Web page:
Brazil prosecutors plan to file criminal charges, in addition to the $11 billion civil suit, against Chevron [corporate website] officials for the 2,400 barrel oil spill [Global Voices backgrounder] off the coast of Brazil in the Campos Basin in November. Brazilian officials state that Chevron acted irresponsibly [Reuters report] and took substantial risks in the Frade oil field in the Campos Basin. Up to 12 Chevron officials are expected to be indicted. In contrast, British Petroleum (BP) [corporate website] agreed to set aside $20 billion [JURIST report] for the Deepwater Horizon oil spill [BBC backgrounder; JURIST news archive], which was 1,000 times larger than the Frade spill, and no BP officials have faced criminal charges.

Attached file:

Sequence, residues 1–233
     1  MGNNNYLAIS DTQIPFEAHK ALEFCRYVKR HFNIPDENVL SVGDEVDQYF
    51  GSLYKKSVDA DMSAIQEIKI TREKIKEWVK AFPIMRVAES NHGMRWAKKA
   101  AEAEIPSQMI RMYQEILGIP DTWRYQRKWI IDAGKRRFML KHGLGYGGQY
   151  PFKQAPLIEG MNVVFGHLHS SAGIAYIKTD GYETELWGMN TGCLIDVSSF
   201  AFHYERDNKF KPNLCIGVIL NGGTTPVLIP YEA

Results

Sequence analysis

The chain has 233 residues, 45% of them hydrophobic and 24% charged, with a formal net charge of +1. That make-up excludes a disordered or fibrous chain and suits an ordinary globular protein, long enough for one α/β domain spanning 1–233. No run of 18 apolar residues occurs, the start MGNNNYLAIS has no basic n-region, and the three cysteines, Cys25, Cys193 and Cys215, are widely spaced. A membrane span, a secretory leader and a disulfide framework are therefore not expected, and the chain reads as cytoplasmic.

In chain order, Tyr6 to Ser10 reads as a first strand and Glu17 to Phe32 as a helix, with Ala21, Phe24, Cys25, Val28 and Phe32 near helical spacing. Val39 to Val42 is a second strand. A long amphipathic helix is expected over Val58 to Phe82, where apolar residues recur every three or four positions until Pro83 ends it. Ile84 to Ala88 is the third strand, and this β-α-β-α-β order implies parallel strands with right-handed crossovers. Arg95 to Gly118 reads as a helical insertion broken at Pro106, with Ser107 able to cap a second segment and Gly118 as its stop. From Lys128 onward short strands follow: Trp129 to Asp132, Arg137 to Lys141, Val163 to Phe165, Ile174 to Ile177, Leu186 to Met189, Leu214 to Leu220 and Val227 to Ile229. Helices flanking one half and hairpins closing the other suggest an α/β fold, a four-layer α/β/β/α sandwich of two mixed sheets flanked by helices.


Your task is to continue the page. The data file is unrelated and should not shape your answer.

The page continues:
Chevron is also currently appealing an $18 billion fine [JURIST report] for pollution in the Amazon jungle. The judgment against Chevron was upheld in January by a three-judge panel of the Provincial Court of Justice of Sucumbios in Lago Agrio, Ecuador. The $18 billion fine, one of the largest in the history of environmental contamination suits, was originally set at $8.6 billion [JURIST report] but was more than doubled for Chevron's refusal to pay "moral reparations" to the Ecuadorian government, as required by the original ruling. The Amazon Defense Coalition [advocacy website], plaintiffs in the suit, have responded that the first judgment was a reaffirmation of how Chevron's greed and criminal misconduct in dumping billions of gallons of toxic waste into the river has led to death and disease. Damages were initially awarded in February by the Provincial Court of Justice of Sucumbios which found that Texaco, which was acquired by Chevron in 2001, polluted large areas of the country's rain forest.